Lawmakers struggle to define 'moral turpitude'

Riley Snyder
Riley Snyder
Michelle Rindels
Michelle Rindels

Although Nevada lawmakers just passed bills by wide margins that aim to stave off teacher misconduct, they couldn’t come to an agreement Wednesday on precisely what kind of immoral behavior is enough to disqualify someone from the classroom.

Members of the state’s Legislative Commission — an interim committee composed of 12 lawmakers that grants final approval to regulations approved by state agencies — voted to delay a proposed regulation that would have further clarified what sort of crimes of “moral turpitude” would preclude prospective or current teachers from obtaining or renewing a license.

State law already holds that Nevada education officials are required to deny a license application if a prospective teacher undergoes a background check and “has been convicted of a felony or any offense involving moral turpitude.” The proposed regulations were an attempt to clarify what exactly “moral turpitude” entails, as the phrase isn’t defined in state law, and bring certainty for teacher candidates, those seeking to renew their licenses and educators coming from out of state who might have been subject to different rules.

Even though members of the state’s Office of Educator Licensure said they’ve been using “moral turpitude” as a metric in accepting or rejecting license applications since 2014, legislators in both parties expressed concerns that the regulations were overly broad.

“So if you had something you think was working, why did you feel like you needed to fix it?” Democratic Assemblywoman Maggie Carlton asked. “I think this opens up a whole can of worms.”

Under the existing system, the state superintendent has full discretion on what constitutes moral turpitude. There’s been much discussion about prospective changes to the system since the regulations started being developed in 2015.

“We really wanted to engage the community on that because we feel that moral turpitude … has a very local context,” said Deputy Superintendent Dena Durish.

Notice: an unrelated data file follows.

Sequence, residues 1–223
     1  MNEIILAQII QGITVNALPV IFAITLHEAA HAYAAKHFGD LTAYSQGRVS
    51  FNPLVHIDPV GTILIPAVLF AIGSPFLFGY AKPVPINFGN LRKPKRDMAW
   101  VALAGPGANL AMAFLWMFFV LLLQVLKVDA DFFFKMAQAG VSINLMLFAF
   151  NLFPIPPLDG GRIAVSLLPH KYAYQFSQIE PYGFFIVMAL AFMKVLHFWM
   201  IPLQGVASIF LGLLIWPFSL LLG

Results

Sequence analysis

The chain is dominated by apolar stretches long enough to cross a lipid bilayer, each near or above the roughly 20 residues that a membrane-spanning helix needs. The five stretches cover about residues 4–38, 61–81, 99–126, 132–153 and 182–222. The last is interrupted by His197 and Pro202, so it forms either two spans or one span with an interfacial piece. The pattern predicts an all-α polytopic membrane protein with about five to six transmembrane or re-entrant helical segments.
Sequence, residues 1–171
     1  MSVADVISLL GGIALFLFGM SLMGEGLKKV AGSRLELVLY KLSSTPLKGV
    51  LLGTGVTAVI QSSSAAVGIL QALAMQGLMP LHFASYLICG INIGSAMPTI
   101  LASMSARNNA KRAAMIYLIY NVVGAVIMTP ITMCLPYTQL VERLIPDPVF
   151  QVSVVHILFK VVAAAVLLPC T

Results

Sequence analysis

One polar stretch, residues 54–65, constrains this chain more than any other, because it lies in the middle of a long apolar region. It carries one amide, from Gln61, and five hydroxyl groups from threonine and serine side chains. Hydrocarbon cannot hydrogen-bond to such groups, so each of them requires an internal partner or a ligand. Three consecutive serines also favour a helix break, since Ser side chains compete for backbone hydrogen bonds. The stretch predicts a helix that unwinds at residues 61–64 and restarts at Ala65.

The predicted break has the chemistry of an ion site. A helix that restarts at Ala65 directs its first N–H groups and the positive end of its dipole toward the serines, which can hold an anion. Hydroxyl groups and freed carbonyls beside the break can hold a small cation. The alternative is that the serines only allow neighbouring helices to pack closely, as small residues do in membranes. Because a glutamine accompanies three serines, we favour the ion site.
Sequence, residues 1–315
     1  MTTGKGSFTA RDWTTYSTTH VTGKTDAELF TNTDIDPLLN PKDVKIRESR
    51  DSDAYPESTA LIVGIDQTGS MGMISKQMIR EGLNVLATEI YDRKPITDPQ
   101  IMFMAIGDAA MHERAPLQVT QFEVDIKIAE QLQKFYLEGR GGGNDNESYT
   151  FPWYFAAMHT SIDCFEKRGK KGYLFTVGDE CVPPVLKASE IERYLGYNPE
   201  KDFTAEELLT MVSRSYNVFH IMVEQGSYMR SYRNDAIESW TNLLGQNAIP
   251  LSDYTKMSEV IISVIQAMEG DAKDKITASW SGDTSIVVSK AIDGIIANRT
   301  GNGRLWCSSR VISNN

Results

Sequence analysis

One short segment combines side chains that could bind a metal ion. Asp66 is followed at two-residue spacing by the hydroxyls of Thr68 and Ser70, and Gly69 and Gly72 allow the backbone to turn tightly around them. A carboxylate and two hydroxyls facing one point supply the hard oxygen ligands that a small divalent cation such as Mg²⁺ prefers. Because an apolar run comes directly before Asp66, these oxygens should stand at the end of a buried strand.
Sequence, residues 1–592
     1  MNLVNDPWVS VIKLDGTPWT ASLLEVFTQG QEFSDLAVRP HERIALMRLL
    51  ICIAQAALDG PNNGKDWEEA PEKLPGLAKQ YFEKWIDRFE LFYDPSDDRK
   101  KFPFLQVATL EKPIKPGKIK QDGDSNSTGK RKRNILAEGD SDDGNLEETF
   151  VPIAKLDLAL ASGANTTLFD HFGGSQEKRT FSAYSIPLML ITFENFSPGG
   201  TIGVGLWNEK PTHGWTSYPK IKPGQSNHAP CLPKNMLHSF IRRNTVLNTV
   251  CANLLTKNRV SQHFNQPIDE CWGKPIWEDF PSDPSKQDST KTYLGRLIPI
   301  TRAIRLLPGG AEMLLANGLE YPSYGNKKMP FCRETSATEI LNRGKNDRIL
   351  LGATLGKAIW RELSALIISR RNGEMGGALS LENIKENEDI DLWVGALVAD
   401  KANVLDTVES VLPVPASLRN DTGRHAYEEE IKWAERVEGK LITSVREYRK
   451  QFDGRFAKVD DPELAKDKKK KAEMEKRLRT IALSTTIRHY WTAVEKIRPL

The proposed regulations list out 24 different crimes included in the definition of “moral turpitude,” ranging from unlawful use of a firearm and sex trafficking to cruelty to animals. More serious crimes are required to always be taken into account, while less violent crimes — such as drug possession or multiple DUI offenses — would factor into a decision if they happened within the past 10 years.

“I think that we appreciate that this is a difficult topic for folks to understand,” Durish said. But she added that teacher preparation providers “are anxiously awaiting these guidelines because as you can imagine, they don’t want to admit people to these programs who would then turn around and not be eligible for a license based on a superintendent’s definition of moral turpitude.”

Jason Dietrich, director of the educational standards office, said that the current guidelines for moral turpitude were “fairly sound,” with only about 120 license applications rejected out of more than 36,000 submitted over the past three years. He said the department’s goal with the regulations was to bring more transparency into the process.

Because of the vote, state education officials must now work with Legislative Counsel Bureau to rework the regulations, then hold another hearing on them. The regulations would then proceed to another vote of the Legislative Commission, which hasn’t scheduled but is likely to happen within the next few months.

The roadblock Wednesday comes after a session in which lawmakers took a variety of steps to ramp up ethical standards for educators and weed out predatory teachers.

The Legislature voted unanimously on AB124, a bill that requires a state commission to design a model code of educator ethics. That bill aims to ensure teachers have healthy relationships with their students but don’t get so close that they cross an ethical line.

Lawmakers also voted for SB287, which requires background checks of school volunteers and ramps up penalties for people who knew about a school employee abusing a child, but didn’t report it. It also requires agencies who are investigating a report of misconduct to determine whether it’s substantiated, and if so, to forward that information to the Nevada Department of Education.

“This will reduce the gap which contributes to the national problem of “passing the trash” which is when school personnel are allowed to resign instead of face charges for physical, sexual, or other abuse,” Sandoval said when he announced he was signing the bill.

AB77, which passed with only a handful of no votes, now requires charter schools to adhere to criminal case reporting rules that govern traditional public schools. Existing law requires the education department to set a procedure for notifying, tracking and monitoring the status of criminal cases involving licensed educators.

Members of the interim panel also approved a separate set of regulations slightly increasing the fees paid by prospective teachers to run criminal history background checks. Dietrich said the $19 fee increase would generate roughly $200,000 over the two-year budget cycle and will be used to support a new licensure system that transitions from a paper-based to online system.

Feature photo: A student at work at Sierra Nevada Academy Charter School on March 14, 2017. Photo by David Calvert.


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